Among recent foodservice innovations from Zanussi is a new cooking system designed to address the new European HACCP regulations. Guideline CE93-43, Hazard Analysis and Critical Control Points, is intended to address methods of limiting the risk of microorganism contamination of food, but satisfying the regulations can be complicated. Zanussi’s ActiveCombi steam-convection oven is designed to offer a method to cook food safely and easily.

The chef sets the oven according to his recipes and presses a button to activate the FoodSafe Control. As the unit cooks it keeps the chef apprised as to the process status: a green light in the eye-shaped indicator means safe conditions have been reached, while a red light means cooking must continue in order to reach safe conditions.

After cooking, all the values of the established parameters for that particular cooking cycle are automatically recorded.

Zanussi Professional worked on developing its cooking process in collaboration with the Department of Food Sciences of Italy’s University of Udine. Key to the system is a new six-sensor probe, designed to record precise measurements of temperatures inside the food. The sensor readings are tied into a control system capable of storing up to 2,000 cook cycles, which the kitchen staff can recall and consult on an easy-to-read display. The system can also document results quickly using a special printer.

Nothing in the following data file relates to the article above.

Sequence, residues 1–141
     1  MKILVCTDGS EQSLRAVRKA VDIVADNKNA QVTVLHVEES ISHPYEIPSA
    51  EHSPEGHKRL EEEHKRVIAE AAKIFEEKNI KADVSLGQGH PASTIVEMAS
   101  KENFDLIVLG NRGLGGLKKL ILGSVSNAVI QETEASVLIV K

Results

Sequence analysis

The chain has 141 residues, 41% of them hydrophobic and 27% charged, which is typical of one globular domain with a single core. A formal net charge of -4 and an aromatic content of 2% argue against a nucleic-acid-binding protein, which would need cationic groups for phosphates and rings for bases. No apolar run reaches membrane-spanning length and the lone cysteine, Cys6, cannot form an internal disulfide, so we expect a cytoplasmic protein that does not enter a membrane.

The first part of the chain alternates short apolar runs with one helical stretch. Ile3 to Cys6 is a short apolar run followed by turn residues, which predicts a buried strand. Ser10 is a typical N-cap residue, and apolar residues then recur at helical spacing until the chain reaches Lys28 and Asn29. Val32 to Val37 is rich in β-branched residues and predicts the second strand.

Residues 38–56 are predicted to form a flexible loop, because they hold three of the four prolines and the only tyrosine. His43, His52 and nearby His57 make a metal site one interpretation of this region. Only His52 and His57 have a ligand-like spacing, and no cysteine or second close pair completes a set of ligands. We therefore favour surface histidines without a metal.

Molteni’s Podium

Molteni brand’s cooking appliance, the Podium, may turn out to be the star appliance in Electrolux’s new foodservice equipment endeavors. The unit is designed to combine innovative technologies with a dramatic design.

The Podium’s oval ellipse shape is intended to turn the appliance into a work of art while providing a high level of performance cooking capabilities for the restaurant chef.

Zanussi Pasta Station

Pasta preparation efficiency is achieved on the Zanussi Professional Pasta Station, said to be the only fully automatic system available today. It is designed to be a high-productivity food prep station that integrates several possible appliance combinations, such as automatic pasta cookers, work tops, electric ranges, a bain marie, storage cupboards, a mobile pasta freezer, blast chillers, and ovens. The station allows the restaurateur to serve assorted trendy pastas with a variety of sauces.